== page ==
Field Marshal Gen. Hussein Tantawi, Egypt's military ruler, presents Mohammed Morsi, the new president, with the Shield of the Armed Forces, the military's highest honor, at a ceremony following Morsi's inauguration Saturday at a base near Cairo.
Promising a “new Egypt” and unwavering support to the powerful military, the Islamist launched his four-year term as the first freely elected president, but with a potentially dangerous quest to wrest back from the generals the full authority of his office.
“The (ruling) Supreme Council of the Armed Forces has honored its promise not to be a substitute for the popular will and the elected institutions will now return to carry out their duties as the glorious Egyptian army returns to being devoted to its mission of defending the nation's borders and security,” he said, drawing a line in the sand.
If Morsi succeeds, his Muslim Brotherhood will likely be emboldened to press ahead with realizing the longtime goal of making Egypt an Islamic state. Otherwise the military — which has been reluctant to give up the power it assumed after Hosni Mubarak's ouster — will continue its stranglehold on the country for years, maybe decades, to come.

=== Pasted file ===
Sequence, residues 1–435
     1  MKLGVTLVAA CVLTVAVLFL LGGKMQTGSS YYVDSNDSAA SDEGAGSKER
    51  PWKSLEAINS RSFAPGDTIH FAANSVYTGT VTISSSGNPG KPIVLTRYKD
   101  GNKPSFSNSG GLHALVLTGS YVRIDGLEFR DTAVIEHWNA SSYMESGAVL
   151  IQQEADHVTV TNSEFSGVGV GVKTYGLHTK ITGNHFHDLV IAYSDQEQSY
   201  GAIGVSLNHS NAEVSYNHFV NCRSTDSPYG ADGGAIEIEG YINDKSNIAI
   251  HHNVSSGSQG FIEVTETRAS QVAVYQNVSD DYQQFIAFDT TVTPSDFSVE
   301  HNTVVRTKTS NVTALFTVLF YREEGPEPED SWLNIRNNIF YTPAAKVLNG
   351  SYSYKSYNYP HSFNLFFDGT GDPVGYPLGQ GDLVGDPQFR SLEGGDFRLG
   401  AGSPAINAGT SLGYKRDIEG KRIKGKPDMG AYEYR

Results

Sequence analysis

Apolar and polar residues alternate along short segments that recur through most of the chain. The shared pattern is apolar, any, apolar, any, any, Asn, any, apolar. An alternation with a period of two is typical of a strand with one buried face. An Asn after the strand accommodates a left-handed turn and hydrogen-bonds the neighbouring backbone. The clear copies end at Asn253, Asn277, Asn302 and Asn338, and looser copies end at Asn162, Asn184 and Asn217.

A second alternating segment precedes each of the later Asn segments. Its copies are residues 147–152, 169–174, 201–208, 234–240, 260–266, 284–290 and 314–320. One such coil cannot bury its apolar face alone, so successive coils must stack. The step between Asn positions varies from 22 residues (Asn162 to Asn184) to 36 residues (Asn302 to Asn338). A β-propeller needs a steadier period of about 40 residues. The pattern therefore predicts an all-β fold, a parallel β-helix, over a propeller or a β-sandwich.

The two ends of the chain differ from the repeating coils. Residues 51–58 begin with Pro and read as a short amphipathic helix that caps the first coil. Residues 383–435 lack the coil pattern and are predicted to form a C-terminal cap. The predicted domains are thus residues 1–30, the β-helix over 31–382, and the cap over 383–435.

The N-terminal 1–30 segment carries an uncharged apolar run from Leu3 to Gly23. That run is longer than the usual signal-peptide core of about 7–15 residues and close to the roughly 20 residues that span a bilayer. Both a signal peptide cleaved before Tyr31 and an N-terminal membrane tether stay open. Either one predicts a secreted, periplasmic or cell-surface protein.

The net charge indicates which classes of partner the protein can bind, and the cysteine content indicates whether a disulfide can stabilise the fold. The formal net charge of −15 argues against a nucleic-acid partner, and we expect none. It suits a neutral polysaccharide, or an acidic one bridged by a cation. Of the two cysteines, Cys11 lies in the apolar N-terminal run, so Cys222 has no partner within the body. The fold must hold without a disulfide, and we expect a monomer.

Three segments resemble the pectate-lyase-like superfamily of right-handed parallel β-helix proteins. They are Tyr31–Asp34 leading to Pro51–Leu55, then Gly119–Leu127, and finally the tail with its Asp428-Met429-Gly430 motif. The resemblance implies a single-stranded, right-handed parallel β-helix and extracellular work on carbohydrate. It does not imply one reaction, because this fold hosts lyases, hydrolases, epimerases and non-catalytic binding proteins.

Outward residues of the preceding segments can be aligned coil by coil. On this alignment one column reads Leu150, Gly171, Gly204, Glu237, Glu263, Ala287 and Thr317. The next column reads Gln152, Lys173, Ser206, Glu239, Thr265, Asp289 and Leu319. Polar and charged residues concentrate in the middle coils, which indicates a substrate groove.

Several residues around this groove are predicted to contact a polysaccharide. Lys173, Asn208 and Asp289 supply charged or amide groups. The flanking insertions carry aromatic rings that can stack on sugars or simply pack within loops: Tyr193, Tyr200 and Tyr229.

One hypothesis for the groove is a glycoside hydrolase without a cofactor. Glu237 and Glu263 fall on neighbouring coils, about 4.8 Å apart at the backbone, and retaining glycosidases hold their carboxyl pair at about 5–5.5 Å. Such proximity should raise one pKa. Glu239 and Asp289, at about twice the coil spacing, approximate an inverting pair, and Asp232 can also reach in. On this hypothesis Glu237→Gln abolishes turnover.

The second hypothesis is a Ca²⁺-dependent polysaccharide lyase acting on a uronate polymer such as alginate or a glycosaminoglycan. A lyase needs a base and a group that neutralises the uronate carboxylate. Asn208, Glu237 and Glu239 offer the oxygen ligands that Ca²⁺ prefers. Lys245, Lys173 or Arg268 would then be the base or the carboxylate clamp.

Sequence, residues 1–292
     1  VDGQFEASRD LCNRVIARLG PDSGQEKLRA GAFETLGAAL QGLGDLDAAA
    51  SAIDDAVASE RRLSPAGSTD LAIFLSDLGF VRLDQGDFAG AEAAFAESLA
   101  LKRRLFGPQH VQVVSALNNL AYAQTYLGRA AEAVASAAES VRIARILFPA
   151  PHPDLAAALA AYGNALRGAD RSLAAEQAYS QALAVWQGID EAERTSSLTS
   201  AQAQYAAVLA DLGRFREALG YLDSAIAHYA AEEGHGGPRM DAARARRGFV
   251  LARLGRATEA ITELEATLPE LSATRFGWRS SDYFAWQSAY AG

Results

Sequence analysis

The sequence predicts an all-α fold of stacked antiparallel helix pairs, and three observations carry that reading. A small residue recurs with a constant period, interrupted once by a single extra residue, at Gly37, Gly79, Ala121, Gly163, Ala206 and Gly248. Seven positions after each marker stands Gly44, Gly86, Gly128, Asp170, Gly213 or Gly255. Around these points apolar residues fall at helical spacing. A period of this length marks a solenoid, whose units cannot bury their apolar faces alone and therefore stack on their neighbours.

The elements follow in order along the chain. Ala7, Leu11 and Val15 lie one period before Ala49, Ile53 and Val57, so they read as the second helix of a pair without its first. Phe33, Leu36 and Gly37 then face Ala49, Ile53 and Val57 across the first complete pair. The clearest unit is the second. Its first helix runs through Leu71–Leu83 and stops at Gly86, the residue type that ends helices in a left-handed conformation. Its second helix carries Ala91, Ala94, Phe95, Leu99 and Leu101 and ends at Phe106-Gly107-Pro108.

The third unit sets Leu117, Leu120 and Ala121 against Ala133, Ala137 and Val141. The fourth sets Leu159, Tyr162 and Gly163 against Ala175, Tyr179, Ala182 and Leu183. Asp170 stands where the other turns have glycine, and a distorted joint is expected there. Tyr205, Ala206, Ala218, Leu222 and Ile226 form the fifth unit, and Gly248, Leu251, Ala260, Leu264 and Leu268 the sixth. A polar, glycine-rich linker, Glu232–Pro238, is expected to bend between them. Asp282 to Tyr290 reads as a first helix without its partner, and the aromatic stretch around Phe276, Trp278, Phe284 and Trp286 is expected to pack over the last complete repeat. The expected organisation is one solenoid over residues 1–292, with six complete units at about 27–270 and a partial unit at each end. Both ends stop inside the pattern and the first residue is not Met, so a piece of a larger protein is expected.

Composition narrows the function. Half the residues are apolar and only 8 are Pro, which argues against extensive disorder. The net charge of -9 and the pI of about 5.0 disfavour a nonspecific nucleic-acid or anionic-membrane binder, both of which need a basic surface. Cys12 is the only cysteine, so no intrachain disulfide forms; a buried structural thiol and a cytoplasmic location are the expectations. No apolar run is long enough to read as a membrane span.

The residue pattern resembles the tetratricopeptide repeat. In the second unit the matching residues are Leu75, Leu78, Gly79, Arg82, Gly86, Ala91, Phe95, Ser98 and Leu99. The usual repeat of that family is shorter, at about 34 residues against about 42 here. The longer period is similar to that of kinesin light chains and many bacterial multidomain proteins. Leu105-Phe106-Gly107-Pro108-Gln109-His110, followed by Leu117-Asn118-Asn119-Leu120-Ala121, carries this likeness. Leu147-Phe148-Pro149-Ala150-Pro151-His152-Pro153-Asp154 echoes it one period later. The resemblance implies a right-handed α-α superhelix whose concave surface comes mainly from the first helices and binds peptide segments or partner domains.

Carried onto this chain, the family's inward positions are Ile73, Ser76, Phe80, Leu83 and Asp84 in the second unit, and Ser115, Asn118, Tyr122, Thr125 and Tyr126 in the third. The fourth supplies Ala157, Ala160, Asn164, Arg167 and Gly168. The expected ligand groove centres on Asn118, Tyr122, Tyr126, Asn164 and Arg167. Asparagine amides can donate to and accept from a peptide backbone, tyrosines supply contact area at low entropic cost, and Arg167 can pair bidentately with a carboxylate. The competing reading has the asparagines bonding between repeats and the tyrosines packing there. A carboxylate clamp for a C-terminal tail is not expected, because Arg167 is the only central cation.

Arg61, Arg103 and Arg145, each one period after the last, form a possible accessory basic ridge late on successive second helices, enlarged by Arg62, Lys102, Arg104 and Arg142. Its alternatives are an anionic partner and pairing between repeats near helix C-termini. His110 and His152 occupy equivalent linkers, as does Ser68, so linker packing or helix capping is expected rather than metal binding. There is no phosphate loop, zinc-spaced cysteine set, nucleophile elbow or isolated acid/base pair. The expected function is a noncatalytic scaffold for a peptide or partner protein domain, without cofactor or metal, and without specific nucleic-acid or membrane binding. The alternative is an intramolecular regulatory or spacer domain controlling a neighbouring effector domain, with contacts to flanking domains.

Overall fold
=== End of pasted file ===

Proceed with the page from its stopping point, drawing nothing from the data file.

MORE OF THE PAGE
The yearning for stability was expressed by prominent Egyptians everywhere. Gamal Eid, a well-known rights lawyer and activist, saw in Morsi's inauguration the chance for someone in power to be held accountable. “Now the ball is in the president's court.”
Curiously, Morsi made no mention of the Brotherhood's goal of bringing Egypt more in alignment with Islamic teachings in three speeches he delivered on Saturday, with his citation of a handful of Quranic verses the only sign of his political orientation. He also did not raise the case of the Egyptian-born blind sheik Omar Abdel-Rahman, who is jailed in the U.S. for plotting to blow up New York City landmarks and assassinate Mubarak. Morsi vowed to work for his release, along with political detainees in Egypt, in Friday's speech at Tahrir Square.
— From wire reports